Listen to a discussion on passenger pigeons, the roots of migratory bird conservation in the U.S., and the importance of the Migratory Bird Treaty on the latest edition of Playa Country Radio. This discussion incudes Jennifer Duberstein, Coordinator for the Sonoran Joint Venture, Southwest Region of the U.S. Fish and Wildlife Service.
( http://pljv.org/radio_episodes/celebrating-100-years-of-bird-conservation/
)

Visit the Southwest Region Migratory Bird Centennial page to learn more about bird conservation in the Region.

And to learn more about the Migratory Bird Centennial, visit www.fws.gov/birds/MBTreaty100/

 

waterfowl on water

Waterfowl. Federal Duck Stamp image.

Waterfowl Population Report

Attached is the Waterfowl Population Status Report.  In North America the process of establishing hunting regulations for waterfowl is conducted annually. The process involves a number of scheduled meetings in which information regarding the status of waterfowl is presented to individuals within the agencies responsible for setting hunting regulations. This report includes the most current breeding population and production information available for waterfowl in North America and this report is intended to aid the development of waterfowl harvest regulations in the United States for the 2015–2016 hunting season. Thanks to everyone involved in this important, annual, cooperative, international effort, especially those folks in the air and out on the ground.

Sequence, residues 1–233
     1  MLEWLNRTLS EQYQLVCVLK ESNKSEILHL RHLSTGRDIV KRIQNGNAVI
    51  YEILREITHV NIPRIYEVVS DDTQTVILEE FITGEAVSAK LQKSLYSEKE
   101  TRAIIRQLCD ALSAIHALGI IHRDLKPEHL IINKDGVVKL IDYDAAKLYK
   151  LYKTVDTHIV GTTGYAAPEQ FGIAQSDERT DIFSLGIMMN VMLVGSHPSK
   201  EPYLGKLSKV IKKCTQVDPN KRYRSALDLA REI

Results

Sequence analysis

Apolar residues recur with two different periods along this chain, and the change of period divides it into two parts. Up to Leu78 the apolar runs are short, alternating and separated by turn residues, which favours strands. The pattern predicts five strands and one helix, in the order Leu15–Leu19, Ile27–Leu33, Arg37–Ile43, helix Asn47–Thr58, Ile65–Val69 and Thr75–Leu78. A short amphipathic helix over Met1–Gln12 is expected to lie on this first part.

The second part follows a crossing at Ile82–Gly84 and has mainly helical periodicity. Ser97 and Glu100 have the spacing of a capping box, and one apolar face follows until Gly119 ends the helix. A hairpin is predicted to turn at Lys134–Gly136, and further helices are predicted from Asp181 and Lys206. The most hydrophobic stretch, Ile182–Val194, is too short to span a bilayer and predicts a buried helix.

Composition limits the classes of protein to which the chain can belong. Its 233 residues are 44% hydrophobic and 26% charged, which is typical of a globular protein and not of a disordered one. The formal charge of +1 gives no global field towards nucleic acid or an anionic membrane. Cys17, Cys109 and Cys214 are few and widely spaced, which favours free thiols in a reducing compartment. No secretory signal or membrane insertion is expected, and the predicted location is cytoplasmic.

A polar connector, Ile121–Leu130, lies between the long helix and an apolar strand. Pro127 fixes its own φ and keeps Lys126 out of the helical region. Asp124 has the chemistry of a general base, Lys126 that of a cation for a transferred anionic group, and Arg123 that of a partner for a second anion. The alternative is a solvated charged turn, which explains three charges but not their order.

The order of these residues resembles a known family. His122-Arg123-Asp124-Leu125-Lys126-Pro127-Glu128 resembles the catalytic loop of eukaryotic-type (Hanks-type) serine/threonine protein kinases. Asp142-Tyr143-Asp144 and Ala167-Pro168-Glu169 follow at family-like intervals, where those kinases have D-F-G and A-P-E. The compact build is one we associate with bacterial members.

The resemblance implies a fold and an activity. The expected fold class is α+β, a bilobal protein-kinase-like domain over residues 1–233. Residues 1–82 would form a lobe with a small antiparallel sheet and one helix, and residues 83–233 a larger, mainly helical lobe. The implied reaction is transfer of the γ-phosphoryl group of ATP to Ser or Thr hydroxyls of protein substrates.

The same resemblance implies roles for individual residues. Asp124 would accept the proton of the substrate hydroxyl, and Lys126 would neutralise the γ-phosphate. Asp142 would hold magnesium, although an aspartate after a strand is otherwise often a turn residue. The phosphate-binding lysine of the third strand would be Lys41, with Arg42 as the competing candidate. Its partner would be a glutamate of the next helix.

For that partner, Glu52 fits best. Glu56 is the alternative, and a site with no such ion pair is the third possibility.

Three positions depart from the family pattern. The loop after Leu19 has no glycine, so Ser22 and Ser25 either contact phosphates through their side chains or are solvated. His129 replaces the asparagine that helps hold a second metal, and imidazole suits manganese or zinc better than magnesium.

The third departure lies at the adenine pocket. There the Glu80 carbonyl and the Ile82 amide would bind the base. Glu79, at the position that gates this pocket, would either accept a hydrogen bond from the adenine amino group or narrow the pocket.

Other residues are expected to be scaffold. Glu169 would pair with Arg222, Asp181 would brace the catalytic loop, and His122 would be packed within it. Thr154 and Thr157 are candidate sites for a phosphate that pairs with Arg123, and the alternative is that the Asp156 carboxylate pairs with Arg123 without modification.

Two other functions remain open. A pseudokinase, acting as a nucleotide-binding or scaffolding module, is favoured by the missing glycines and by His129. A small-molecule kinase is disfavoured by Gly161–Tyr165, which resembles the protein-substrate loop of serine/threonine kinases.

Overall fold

Read the Waterfowl Population Report
Watch the Status of Waterfowl video

 
2016 marked the centennial of the Convention between the United States and Great Britain (for Canada) for the Protection of Migratory Birds - also called the Migratory Bird Treaty - that was signed on Aug. 16, 1916. This  Migratory Bird Treaty (446.6KB), and three others that followed, form the cornerstones of our efforts to conserve birds that migrate across international borders.

Read more about the Migraytory Bird Centennial

 
Photographic Guide for Aging Nestling Cooper's Hawks. Credit: USFWS.
Download a copy of the Photographic Guide for Aging Nestling Cooper's Hawks
 
Migratory Bird Population Surveys
 
International Migratory Bird Day is Now World Migratory Bird Day
 
Watch the Buff-breasted Sandpiper video.
 
duck stamp
Buy Duck Stamps
 
Golden eagle. Credit: USFWS.
Bald and Golden Eagle Management Public Scoping Process
 
Mosquito. Credit: USFWS.
West Nile Virus
Detecting new, emerging and introduced diseases and maintaining long term surveillance of domestic disease problems affecting wild birds
- learn more
 

bald eagle chicks. Credit: USFWS.
Eagle Nest Camera Guidance

 
Hummingbird extracting nectar from flower. Credit: USFWS.
Rufous Hummingbird -
Featured
Pollinator
 
 
Last updated: July 31, 2018